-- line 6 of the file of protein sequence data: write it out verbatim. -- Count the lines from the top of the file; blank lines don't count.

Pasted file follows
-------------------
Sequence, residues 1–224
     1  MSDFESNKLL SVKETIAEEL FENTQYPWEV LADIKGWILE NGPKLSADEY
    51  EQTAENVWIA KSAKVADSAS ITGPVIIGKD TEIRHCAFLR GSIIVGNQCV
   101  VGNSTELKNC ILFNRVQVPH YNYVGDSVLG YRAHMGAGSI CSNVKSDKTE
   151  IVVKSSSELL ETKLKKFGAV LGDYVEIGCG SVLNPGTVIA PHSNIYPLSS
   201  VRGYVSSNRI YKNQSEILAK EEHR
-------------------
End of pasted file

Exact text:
   201  VRGYVSSNRI YKNQSEILAK EEHR